Russia Monetary Policy March 2017


Russia: Bank Rossii makes surprise rate cut, the first in seven months

March 24, 2017

Russia’s Central Bank surprised the markets by cutting the one-week repo rate from 10.00% to 9.75%. The Bank made the decision at its second monetary policy meeting of the year held on 24 March and the move marked the first cut in the policy rate in seven months. Analysts did not expect this move as that the Bank had given clear guidance that it had not intended to cut the interest rate in the first quarter of the year. However, a continued decline in inflation and signs that economic activity is being revived, prompted rate-setters to cut interest rates.

Inflation fell to a nearly-five-year low of 4.6% in February and, according to the Central Bank, it continued to fall in March mainly thanks to the strengthening of the Russian ruble—amid higher oil prices and a decline in the sovereign risk premium that caused an increase in capital inflows—and lower food prices as a result of a bumper 2015/2016 harvest that lead to an increase in stocks of agricultural products. The Central Bank added that further rate cuts in the second and third quarters of this year are feasible as it forecasts GDP growth to come in at a moderate 1.0%–1.5% this year, and sees inflation falling to its 4.0% target at the end of this year and remaining around the target in 2018 and 2019. However, the Bank noted that it intends to keep real interest rates positive, which means that the monetary authority aims to keep monetary conditions “moderately high”. With this, Bank Rossii wants to anchor inflation expectations and ensure demand for Russian assets and an increase in the propensity to save.

The Russian ruble gain some strength following the Central Bank’s decision, approaching the 57.0 RUB per USD mark. The ruble continues to appreciate against the greenback despite the recent drop in oil prices as investors are following a carry trade strategy. This strategy involves borrowing at a low interest rate—usually in a developed economy—and using the funds to re-invest in assets with higher return, likely in emerging markets. As Vladimir Miklashevsky, Senior Economist at Danske Bank puts it:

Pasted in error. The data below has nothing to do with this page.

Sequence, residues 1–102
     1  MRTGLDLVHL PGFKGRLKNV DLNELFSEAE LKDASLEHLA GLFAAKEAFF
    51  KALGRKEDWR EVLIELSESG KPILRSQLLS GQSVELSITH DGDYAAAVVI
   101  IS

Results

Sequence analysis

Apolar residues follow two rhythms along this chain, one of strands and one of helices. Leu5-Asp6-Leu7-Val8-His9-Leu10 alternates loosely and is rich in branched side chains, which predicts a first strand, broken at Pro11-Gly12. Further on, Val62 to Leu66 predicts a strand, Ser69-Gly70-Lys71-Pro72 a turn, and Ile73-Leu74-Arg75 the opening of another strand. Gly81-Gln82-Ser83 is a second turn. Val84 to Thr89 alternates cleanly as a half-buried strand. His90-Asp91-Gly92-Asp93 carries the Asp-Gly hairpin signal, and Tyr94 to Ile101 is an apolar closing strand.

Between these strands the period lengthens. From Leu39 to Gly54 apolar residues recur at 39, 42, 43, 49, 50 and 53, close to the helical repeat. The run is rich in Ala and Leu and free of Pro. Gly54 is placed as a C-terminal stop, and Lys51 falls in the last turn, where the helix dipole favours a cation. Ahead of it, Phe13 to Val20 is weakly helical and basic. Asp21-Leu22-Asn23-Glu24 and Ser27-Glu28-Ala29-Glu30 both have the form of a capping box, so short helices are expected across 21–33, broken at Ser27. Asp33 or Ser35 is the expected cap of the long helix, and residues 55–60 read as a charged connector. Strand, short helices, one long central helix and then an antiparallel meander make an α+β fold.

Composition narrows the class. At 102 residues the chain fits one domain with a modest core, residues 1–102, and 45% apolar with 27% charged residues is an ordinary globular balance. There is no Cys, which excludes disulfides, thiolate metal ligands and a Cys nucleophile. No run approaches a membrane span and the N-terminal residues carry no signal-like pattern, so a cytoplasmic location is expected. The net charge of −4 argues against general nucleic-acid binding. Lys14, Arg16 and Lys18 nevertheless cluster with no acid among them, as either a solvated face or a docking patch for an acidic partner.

“This is Russia’s paradox, which is still logical: lower rates, better economy, buy the ruble. The carry is good enough even with the upcoming gradual easing.”

The markets continue to be bullish on the ruble, hence its resilience in the face of falling oil prices. Moreover, the Russian regulator pointed out that Ministry of Finance purchases of foreign currency have not had any substantial impact on the recent exchange rate dynamics of the ruble.

Although the Central Bank offered prospects for further cuts in the interest rate, it cautioned that there are still risks that could cause inflation to miss the target. Among these risks are an increase in inflation expectations, Russian consumers going on a spending spree, and an increase in volatility in financial markets and commodity prices, which can modify expectations regarding the exchange rate and inflation. The Central Bank will hold its next monetary policy meeting on 28 April.

The analysts we surveyed this month expect the Central Bank to continue cutting interest in the second half of the year and forecast the interest rate to end at 8.23% this year. Economists see the Central Bank lowering the monetary policy rate further in 2018, with an average Consensus of 7.14%.

Author:, Senior Economist

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Russia Monetary Policy Chart

Russia Monetary Policy April 2017

Note: 1-Week Repo rate in %.
Source: Central Bank of the Russian Federation (CBR).

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